Prison, is it for anyone?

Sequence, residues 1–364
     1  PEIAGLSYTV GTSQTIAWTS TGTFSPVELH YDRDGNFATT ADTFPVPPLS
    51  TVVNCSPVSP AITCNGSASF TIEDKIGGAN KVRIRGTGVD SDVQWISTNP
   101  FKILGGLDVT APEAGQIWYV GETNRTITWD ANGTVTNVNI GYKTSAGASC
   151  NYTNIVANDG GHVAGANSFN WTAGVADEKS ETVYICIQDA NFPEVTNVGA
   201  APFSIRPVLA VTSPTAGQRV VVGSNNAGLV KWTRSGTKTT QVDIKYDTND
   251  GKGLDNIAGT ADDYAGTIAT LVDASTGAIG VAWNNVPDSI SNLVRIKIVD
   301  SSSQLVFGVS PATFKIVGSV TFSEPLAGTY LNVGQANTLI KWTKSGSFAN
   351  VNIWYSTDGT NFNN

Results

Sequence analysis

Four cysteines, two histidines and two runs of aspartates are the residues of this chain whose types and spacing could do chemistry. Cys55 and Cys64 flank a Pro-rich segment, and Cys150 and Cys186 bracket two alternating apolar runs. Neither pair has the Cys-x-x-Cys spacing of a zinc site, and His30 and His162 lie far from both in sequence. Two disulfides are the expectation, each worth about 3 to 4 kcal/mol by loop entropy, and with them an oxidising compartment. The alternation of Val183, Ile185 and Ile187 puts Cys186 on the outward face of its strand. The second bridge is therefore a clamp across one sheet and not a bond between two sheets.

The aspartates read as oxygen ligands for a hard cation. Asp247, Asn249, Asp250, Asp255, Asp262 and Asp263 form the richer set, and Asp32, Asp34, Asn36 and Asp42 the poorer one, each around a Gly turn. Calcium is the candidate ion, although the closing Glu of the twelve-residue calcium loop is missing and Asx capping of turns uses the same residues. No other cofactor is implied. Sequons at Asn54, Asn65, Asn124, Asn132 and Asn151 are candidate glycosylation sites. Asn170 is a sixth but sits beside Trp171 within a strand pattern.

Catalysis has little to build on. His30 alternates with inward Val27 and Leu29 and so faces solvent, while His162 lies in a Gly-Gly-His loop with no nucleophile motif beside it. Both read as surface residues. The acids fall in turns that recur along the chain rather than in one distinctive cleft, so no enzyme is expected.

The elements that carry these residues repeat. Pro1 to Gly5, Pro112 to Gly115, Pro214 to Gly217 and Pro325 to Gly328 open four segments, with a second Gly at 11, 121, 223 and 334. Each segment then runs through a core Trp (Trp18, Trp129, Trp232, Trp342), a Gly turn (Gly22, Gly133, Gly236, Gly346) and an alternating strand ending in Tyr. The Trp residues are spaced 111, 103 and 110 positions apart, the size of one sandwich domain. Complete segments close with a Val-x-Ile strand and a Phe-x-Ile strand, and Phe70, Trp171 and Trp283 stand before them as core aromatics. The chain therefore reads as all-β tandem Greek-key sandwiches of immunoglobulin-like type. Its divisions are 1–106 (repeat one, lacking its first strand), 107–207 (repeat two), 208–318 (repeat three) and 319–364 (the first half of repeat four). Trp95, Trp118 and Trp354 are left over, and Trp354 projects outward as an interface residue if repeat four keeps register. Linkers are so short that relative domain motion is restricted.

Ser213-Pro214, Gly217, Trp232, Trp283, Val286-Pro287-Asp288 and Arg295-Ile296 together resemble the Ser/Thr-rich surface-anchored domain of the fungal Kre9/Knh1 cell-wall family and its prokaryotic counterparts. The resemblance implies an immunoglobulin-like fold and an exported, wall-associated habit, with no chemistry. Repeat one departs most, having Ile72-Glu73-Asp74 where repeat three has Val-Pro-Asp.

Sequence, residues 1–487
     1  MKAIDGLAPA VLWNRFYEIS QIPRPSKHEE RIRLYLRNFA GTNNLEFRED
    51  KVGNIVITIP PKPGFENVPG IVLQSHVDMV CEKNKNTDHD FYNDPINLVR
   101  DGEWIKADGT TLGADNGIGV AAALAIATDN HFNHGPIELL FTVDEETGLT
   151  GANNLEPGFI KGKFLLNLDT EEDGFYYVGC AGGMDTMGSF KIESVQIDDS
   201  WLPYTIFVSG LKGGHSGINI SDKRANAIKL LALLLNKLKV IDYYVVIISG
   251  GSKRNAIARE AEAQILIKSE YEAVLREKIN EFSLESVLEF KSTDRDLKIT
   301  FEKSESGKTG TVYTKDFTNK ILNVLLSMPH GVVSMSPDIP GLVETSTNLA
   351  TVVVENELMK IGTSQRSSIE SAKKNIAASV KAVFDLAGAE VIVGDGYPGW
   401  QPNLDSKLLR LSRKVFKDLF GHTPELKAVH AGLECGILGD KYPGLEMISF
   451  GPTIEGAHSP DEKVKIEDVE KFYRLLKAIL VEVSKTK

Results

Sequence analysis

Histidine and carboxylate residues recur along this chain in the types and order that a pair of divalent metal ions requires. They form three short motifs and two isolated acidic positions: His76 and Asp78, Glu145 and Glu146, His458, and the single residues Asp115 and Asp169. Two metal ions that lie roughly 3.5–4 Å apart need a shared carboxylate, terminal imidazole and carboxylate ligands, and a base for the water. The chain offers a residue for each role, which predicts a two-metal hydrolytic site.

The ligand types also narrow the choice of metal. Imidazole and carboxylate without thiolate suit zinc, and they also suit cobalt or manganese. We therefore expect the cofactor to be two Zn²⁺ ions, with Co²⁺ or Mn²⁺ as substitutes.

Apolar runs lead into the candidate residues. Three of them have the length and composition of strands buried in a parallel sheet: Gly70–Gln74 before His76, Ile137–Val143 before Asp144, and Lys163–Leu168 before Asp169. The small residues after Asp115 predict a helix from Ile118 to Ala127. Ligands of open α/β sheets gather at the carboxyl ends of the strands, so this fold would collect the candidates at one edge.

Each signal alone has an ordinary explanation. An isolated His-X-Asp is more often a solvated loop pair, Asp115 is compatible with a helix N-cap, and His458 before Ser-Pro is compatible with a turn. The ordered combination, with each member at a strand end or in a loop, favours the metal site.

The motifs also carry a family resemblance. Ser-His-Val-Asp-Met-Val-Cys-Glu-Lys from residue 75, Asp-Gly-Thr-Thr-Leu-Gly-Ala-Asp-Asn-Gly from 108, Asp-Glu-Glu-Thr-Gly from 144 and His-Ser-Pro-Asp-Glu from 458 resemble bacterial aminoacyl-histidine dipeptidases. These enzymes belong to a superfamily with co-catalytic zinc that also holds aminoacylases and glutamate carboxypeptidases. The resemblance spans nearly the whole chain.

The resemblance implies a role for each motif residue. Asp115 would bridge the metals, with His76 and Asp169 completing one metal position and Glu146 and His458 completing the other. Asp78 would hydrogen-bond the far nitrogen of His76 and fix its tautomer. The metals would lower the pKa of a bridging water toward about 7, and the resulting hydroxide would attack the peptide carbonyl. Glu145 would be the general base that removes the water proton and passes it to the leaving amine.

O'Brien, Colleen